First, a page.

Artists and Astronomers 'Observe' the Universe Together
Our current view of the universe, to quote Albert Einstein, is "not weirder than we do imagine, but weirder than we can imagine." That said, we have no choice but to observe the universe through human eyes and brains. How can we even start to make sense of it?
One answer might be to call in the artists. For thousands of years, people have used art to explore ideas that humble, confuse or even frighten us. A new exhibition opening in Pasadena continues this tradition, bringing artists and astronomers together to create original pieces of art.
Called "Observe," the exhibition is the culmination of a yearlong collaboration between two Pasadena institutions -- the Art Center College of Design and NASA's Spitzer Science Center at the California Institute of Technology. Beginning Oct. 10, visitors to the Art Center's Williamson Gallery will be challenged to stretch their imaginations as infrared observations from NASA's Spitzer Space Telescope are visualized through the minds of five contemporary Southern California artists.
"Science is bringing us spectacular discoveries that torque our everyday perception of reality. Things like black holes, multiple universes and time distortions challenge our human-centered culture and beliefs," said Stephen Nowlin, director of the Williamson Gallery. "This is an exhibition about the newly unknown."
Dan Goods, an Observe artist and a visual strategist at NASA's Jet Propulsion Laboratory in Pasadena, was fascinated by the idea that light from distant stars and galaxies travels for years before reaching us. "Some of those stars died thousands of years ago, and they only exist in the light that is still on its way to our eyes," he pointed out.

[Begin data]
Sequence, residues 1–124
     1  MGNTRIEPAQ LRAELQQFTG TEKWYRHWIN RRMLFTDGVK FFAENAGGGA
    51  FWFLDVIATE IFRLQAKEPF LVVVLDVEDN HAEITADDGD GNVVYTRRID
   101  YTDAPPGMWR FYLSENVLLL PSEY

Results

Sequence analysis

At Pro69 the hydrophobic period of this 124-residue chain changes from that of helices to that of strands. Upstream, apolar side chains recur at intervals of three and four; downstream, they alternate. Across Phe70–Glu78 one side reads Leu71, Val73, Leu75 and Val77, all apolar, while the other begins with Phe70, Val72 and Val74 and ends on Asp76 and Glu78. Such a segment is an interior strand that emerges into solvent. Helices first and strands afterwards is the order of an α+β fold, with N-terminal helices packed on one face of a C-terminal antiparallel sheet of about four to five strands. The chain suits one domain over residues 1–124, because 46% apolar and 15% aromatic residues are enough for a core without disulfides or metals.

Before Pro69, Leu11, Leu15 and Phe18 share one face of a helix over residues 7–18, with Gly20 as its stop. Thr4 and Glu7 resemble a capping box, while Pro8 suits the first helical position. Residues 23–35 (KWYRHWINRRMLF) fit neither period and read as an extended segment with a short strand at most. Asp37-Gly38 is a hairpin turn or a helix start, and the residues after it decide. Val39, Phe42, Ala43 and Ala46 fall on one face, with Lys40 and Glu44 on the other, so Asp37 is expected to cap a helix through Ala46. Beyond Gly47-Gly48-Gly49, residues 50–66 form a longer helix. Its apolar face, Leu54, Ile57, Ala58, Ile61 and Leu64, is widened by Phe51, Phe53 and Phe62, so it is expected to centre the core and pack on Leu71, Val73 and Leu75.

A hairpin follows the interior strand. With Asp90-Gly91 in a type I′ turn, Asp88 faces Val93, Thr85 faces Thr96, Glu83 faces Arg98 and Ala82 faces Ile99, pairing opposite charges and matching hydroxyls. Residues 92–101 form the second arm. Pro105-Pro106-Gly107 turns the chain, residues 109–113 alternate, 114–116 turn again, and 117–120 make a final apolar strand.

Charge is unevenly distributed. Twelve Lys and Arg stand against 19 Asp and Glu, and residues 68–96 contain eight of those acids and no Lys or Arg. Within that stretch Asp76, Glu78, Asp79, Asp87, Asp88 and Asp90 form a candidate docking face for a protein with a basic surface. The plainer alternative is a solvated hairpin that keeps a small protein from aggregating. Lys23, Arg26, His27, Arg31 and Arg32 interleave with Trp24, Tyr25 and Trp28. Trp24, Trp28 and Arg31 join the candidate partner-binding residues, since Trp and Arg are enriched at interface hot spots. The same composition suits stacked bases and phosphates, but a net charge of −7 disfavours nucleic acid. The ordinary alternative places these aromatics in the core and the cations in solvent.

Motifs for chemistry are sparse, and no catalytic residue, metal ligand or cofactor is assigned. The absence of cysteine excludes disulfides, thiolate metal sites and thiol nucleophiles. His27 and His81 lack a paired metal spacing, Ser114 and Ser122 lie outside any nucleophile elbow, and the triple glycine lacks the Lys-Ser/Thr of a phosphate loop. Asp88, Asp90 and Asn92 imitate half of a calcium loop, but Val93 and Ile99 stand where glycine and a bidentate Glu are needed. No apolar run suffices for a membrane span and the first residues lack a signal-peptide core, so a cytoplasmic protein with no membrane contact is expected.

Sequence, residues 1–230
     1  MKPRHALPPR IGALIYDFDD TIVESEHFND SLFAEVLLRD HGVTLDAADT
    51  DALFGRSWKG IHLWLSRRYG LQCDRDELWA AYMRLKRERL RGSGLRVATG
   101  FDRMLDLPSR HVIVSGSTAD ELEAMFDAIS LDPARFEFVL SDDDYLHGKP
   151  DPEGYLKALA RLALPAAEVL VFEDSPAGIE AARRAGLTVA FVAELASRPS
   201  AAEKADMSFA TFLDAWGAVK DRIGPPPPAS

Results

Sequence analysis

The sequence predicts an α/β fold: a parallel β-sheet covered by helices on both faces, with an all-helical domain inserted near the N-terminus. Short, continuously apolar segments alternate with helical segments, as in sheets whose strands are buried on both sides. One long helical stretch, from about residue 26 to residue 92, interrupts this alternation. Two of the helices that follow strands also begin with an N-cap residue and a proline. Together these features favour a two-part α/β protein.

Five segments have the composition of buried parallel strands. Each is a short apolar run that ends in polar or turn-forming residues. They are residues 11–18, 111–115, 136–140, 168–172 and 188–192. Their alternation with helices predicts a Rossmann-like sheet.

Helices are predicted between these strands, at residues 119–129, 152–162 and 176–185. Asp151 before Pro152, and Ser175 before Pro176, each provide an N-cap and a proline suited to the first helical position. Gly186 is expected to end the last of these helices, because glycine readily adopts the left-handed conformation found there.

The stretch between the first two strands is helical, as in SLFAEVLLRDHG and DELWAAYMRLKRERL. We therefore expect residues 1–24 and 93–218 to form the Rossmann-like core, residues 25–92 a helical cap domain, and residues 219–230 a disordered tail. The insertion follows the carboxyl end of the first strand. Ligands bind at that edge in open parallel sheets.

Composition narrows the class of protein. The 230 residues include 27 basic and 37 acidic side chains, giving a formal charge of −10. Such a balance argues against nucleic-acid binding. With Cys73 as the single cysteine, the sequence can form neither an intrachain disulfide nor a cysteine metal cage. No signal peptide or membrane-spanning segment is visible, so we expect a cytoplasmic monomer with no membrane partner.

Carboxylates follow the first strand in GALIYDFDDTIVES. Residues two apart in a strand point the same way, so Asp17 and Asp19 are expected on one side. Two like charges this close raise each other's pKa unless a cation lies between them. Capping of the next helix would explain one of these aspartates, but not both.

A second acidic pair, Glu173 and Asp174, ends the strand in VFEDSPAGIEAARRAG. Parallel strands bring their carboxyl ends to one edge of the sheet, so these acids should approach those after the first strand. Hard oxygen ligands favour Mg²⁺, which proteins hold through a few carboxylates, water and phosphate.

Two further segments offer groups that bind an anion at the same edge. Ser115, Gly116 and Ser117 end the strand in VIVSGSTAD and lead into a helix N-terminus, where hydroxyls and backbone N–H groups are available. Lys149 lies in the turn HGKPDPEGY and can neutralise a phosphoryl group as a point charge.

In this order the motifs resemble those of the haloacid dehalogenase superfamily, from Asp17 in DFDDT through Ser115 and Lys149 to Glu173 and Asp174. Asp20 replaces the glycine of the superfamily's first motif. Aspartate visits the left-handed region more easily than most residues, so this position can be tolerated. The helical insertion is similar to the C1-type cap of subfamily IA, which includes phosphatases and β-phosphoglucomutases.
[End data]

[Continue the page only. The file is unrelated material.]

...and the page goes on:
Goods built a clock that spans a large room. Spheres throughout the room represent the hours. The spheres all look the same at the entrance, but like stars in the sky, they are actually different sizes and distances away. Speakers on the spheres play back sounds from people in the room, distorted and delayed by random time increments. This distortion represents a phenomenon called "redshift" in astronomy, in which light is stretched to longer wavelengths as it travels through space. "It's like the stars are talking to you," Goods explained.
Other projects include an interactive video installation by Daniel Wheeler, which invites visitors to "send" data all over the world to create an abstract collage of images; and a planetarium-like room filled with changing projections of the stars by Lita Albuquerque. George Legrady used a projected laser to make patterns representing all the pointing commands that have been sent up to Spitzer in space. And Lynn Aldrich created a fake-fur wormhole -- a theoretical tunnel through space and time -- that people can crawl through.
"I was amazed by the serendipities that cropped up," said Michelle Thaller, outreach manager at the Spitzer Science Center. "Lynn Aldrich's furry wormhole is a great way to represent the weird, almost chaotic nature of other dimensions!"
"I've always thought that Spitzer's images were spectacular, but working with the artists has made me look at scientific data in a whole new way," she added. "Data out of context can become art."
Observe opens to the public on Oct. 10 as part of ArtNight Pasadena, a weekend of art around town sponsored by the Pasadena Arts and Culture Commission. Opening-night hours are 6 to 10 p.m. The exhibition will run though Jan. 9, 2009, ushering in the International Year of Astronomy, a yearlong celebration of the 400th anniversary of Galileo and the first telescope.
JPL manages the Spitzer mission for NASA's Science Mission Directorate, Washington. Science operations are conducted at the Spitzer Science Center. Caltech manages JPL for NASA.